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Oklahoma, national wind farm construction boom underway with expiration of tax credit

The expiration of the wind production tax credit led to a record amount of wind capacity under construction by the Dec. 31 deadline. But the wind industry fears another bust if the credit isn't renewed.
by Paul Monies Modified: January 31, 2014 at 3:00 pm •  Published: January 30, 2014
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“They're just locking in prices they've never seen before,” Salerno said. “It just makes so much sense, and you're seeing neighboring states wanting to get in on the action. Utilities outside Oklahoma are looking to benefit from this low-cost power by signing contracts.”

However, continued uncertainty over the tax credit will deter future project development, said Tom Kiernan, CEO of the American Wind Energy Association. He urged Congress to renew the credit to provide stability to the wind industry.

“In the absence of long-term policies, the wind industry should not be left out in the cold while Congress decides the way forward on energy,” Kiernan said in a news release.

Salerno said suppliers and factories are buzzing with activity, with many manufacturers adding shifts to keep up with demand.

“We're going to see factory activity continue for a little while, but if you're early on in the supply chain, you're the first to see the falloff,” she said. “That's what we're trying to prevent here; it's not a very efficient way to maintain manufacturing in this country.”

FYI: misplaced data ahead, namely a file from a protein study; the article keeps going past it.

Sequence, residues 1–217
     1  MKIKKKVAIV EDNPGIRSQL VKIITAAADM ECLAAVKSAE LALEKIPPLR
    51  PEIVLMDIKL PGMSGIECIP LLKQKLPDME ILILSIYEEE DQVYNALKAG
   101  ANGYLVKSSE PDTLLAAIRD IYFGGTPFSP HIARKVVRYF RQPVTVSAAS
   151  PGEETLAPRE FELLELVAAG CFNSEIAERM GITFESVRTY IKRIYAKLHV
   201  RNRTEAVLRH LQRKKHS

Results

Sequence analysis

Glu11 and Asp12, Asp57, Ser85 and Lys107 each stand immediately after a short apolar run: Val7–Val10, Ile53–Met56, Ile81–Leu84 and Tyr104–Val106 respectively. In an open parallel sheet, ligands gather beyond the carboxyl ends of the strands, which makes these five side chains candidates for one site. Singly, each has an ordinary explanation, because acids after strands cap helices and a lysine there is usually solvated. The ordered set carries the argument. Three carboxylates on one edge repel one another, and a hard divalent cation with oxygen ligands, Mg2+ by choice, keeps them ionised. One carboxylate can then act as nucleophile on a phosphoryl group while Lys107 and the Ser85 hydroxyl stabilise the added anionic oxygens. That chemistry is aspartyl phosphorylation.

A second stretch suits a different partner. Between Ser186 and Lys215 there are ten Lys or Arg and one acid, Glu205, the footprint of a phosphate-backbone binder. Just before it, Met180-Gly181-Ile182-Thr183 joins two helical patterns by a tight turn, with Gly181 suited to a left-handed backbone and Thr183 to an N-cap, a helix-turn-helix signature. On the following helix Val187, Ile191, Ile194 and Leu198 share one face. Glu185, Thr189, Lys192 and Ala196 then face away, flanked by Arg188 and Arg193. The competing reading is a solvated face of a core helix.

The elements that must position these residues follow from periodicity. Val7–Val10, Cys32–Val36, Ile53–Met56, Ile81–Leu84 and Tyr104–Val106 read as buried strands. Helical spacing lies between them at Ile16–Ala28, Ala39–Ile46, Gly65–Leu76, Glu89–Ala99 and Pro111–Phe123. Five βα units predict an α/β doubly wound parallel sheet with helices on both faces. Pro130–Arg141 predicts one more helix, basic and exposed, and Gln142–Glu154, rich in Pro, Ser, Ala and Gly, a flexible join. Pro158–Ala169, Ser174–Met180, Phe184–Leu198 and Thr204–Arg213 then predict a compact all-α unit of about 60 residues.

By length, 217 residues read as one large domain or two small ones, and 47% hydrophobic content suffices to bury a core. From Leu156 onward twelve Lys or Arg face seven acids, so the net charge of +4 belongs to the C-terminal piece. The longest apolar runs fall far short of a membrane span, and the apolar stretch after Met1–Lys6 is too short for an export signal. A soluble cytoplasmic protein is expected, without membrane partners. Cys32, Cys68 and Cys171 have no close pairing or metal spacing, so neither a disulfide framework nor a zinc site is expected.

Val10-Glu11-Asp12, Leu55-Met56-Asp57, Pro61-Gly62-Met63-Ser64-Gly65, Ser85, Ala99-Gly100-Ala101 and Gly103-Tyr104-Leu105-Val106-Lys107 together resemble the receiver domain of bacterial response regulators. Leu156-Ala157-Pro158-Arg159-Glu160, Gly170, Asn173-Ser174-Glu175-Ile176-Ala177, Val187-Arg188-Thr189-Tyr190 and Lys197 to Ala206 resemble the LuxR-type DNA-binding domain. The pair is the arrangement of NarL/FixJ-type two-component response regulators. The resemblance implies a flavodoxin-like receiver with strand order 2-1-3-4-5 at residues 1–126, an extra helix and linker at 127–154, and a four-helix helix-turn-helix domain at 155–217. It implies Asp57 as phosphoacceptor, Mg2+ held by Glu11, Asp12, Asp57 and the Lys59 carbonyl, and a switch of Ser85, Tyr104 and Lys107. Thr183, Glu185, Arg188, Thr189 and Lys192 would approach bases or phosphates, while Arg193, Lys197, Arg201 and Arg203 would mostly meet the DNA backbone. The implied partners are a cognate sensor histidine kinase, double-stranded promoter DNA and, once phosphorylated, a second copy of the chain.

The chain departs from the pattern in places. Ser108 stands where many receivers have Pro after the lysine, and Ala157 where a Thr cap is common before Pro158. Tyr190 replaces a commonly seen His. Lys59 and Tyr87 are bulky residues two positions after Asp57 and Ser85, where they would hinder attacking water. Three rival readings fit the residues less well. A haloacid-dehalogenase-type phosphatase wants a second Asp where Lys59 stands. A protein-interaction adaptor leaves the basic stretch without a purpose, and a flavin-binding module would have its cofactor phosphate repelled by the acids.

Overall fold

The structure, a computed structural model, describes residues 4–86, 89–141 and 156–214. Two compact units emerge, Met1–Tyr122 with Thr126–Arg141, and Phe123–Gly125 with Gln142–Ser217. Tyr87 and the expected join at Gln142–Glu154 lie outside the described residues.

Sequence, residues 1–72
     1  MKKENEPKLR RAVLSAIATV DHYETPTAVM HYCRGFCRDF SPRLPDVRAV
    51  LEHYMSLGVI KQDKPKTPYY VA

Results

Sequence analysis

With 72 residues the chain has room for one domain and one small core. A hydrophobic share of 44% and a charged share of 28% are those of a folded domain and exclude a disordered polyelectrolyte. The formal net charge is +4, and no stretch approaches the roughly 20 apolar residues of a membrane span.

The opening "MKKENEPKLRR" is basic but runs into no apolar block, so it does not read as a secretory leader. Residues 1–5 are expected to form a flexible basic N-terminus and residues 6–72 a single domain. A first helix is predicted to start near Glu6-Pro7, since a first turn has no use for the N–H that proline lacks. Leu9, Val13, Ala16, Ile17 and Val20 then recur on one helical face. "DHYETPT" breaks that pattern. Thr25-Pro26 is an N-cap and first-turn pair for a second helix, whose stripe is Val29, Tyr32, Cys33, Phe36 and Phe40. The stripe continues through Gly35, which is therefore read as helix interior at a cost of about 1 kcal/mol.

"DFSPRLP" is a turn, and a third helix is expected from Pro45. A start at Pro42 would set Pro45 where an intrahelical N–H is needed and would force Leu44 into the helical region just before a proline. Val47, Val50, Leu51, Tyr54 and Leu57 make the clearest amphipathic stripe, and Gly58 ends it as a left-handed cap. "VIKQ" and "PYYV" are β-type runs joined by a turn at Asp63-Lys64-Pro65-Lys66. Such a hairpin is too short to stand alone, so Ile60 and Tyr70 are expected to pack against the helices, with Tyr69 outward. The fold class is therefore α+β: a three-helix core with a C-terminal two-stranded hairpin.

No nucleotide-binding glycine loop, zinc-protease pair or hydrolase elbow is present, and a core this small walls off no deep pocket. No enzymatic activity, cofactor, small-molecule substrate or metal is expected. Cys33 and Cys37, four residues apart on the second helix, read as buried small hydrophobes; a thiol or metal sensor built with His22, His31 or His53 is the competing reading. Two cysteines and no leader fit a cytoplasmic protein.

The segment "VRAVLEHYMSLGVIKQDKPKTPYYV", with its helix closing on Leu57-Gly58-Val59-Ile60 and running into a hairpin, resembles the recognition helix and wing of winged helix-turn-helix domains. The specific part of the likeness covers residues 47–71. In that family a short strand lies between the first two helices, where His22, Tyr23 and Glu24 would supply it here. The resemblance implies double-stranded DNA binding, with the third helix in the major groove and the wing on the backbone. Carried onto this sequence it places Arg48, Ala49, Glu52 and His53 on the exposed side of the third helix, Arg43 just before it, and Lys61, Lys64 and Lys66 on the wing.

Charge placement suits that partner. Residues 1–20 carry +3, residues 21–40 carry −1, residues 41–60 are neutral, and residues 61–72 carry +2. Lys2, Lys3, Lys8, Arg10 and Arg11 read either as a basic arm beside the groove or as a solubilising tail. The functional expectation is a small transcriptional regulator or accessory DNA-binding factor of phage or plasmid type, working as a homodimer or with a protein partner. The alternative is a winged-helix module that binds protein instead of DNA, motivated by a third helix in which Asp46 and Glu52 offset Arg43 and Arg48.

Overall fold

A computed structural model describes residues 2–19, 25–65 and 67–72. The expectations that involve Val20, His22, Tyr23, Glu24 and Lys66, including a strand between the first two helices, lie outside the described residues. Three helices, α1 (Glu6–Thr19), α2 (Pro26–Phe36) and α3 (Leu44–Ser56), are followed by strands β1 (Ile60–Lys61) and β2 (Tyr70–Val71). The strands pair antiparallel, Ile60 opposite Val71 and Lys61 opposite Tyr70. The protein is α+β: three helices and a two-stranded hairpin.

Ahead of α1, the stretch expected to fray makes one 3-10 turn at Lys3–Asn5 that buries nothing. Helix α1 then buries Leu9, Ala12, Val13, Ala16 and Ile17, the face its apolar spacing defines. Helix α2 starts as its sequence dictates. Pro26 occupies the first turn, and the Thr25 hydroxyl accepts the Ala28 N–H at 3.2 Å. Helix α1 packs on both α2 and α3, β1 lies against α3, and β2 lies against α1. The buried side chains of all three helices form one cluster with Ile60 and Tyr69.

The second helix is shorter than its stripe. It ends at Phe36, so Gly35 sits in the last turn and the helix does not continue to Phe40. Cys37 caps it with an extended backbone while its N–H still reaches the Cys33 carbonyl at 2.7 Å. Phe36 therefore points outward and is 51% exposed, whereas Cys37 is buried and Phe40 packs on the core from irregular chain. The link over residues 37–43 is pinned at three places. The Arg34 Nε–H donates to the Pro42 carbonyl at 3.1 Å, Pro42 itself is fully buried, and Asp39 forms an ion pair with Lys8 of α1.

Congress is focused on broader measures of tax reform, but the wind industry continues to push for a package of tax breaks, known as extenders, that include renewal of the production tax credit. In previous years when the credit expired, Congress renewed the incentive and made it retroactive.

The incentive gave producers a 2.3 cent-per-kilowatt-hour tax credit for electricity from wind generation for up to 10 years. Estimates from Congress' Joint Committee on Taxation and the Congressional Research Service put the cost of the credit at between $7.7 billion and $9.7 billion from 2013 to 2017.

by Paul Monies
Energy Reporter
Paul Monies is an energy reporter for The Oklahoman. He has worked at newspapers in Texas and Missouri and most recently was a data journalist for USA Today in the Washington D.C. area. Monies also spent nine years as a business reporter and...
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